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www.thelostring.com/ – A great website for the case study of the “The lost Ring” the ARG marketing for the Olympic games 2008.
The Lost Ring was an alternate reality game (ARG) initiated by McDonald’s, as part of their marketing for the 2008 Olympic Games in Beijing, China. A co-production between McDonald’s, AKQA, and Jane McGonigal, the game was notable for its global scope: taking place across six continents, in seven lanugages, and running for six months (29th Februrary – 24th August 2008). It began with six amnesiac athletes with strange tattoos, and culminated in the “revivial” of a fictional Ancient Olympic sport – which the narrative described as having disappeared 2000 years ago before the events of the game.
http://www.whysoserious.com is a ARG game for the New Batman film The Dark Knight.
http://batman.wikibruce.com/Home – Guide to the batman ARG
Promotions for the July 2008 release of “The Dark Knight” appear to have commenced in earnest. The official movie website. for the upcoming sequel to Warner Bros Studios’ hit film “Batman Begins”, featuring the Batman insignia, recently directed visitors to I Believe in Harvey Dent. The website displayed an advertisement for Harvey Dent’s campaign for District Attorney. Harvey Dent, played by Aaron Eckhart in the upcoming movie, is better known as the villain Two-Face. Campaign posters have been reported displaying the same image in select major cities.
A handful of Joker playing cards were discovered in Meltdown, a comic book store in California, leading curious patrons to I Believe in Harvey Dent Too. This website displayed a defaced replica of the campaign poster. The posters were reported to be similarly defaced within 48 to 72 hours of going up in their respective cities.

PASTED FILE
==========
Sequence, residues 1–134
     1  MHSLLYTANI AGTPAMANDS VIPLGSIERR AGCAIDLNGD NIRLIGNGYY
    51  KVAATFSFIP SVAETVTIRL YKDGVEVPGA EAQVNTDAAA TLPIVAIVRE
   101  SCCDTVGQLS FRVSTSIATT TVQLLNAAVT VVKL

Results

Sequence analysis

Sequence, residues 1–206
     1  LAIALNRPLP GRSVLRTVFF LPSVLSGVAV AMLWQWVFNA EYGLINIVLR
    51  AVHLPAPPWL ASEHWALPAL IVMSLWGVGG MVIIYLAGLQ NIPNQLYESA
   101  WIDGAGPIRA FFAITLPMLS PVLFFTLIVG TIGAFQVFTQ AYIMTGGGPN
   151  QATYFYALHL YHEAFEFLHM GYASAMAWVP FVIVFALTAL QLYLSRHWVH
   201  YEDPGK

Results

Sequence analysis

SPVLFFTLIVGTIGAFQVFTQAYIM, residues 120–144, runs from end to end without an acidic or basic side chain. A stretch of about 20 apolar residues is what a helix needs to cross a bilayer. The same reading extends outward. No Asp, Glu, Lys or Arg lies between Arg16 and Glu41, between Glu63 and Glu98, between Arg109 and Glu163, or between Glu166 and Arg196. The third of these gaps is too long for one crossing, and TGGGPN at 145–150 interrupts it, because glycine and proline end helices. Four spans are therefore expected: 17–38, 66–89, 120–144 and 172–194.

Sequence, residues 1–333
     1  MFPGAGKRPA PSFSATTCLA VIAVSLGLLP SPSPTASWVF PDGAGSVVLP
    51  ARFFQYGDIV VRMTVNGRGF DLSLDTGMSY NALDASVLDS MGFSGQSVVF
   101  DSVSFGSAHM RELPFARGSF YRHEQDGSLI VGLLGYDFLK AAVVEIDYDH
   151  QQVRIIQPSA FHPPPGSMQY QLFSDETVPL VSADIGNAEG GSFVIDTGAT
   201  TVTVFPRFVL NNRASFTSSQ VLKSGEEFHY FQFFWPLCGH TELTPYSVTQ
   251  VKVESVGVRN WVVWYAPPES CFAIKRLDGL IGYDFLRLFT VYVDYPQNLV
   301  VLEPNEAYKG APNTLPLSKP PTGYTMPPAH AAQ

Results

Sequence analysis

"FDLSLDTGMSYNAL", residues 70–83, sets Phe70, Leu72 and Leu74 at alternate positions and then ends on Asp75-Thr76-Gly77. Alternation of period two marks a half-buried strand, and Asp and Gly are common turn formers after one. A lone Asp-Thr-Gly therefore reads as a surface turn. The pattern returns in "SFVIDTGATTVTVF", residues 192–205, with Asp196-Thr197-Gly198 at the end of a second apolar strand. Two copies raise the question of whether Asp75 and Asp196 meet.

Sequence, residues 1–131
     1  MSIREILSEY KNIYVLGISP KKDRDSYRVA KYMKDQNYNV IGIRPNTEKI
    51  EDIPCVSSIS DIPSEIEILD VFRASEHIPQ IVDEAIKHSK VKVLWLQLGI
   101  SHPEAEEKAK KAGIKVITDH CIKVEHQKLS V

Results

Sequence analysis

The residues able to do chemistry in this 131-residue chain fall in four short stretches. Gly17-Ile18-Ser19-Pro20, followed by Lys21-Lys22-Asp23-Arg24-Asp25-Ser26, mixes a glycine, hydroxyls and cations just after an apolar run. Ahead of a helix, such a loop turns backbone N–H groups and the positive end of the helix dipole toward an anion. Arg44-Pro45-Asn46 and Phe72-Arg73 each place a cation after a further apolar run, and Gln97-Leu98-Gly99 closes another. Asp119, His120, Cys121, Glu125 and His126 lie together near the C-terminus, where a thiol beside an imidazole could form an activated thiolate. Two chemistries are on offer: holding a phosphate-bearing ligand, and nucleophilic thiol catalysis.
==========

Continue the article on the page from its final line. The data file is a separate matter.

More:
Visitors to the defaced website were prompted to send emails to “tragicpast”to reveal the Joker’s grim visage for the movie a pixel at a time. Once completed, a message reading “See you in December” is displayed amidst a string of laughter. And while it is still too early to determine if this will be a full-fledged ARG or a simple viral marketing campaign, with over a year before the movie’s release, there appears to be ample opportunity for much more.
By Tom Whitwell
Alternative Reality Games are like video games, but in real life. Players get clues from websites, newspaper advertisements or voicemails, then go out into the world to find more clues and report back to internet forums and message boards.
Some are huge – WhySoSerious was a complex mystery, attracting hundreds of thousands of players, to promote The Dark Knight. Players were sent text messages telling them to collect cakes from bakeries all over the US. Baked into the cakes were mobile phones, which were sent further clues.
Meanwhile, earlier this year, Penguin Books ran We Tell Stories, an elegantly crafted game, which attracted around 30 players. At one point, six of those players arrived at a pub with gifts for a mysterious man who was sitting in the corner. Fortunately, he was part of the game. Unfortunately, his character was supposed to be French, but he couldn’t speak a word of the language. Here’s a 85-page forum post about the game.
Fascinated? Planning to be in New York at the end of this month? Argn.com (home of the Alternate Reality Gaming Network) has information about an intriguing Big Apple Hallowe’en game, Sea of Glass.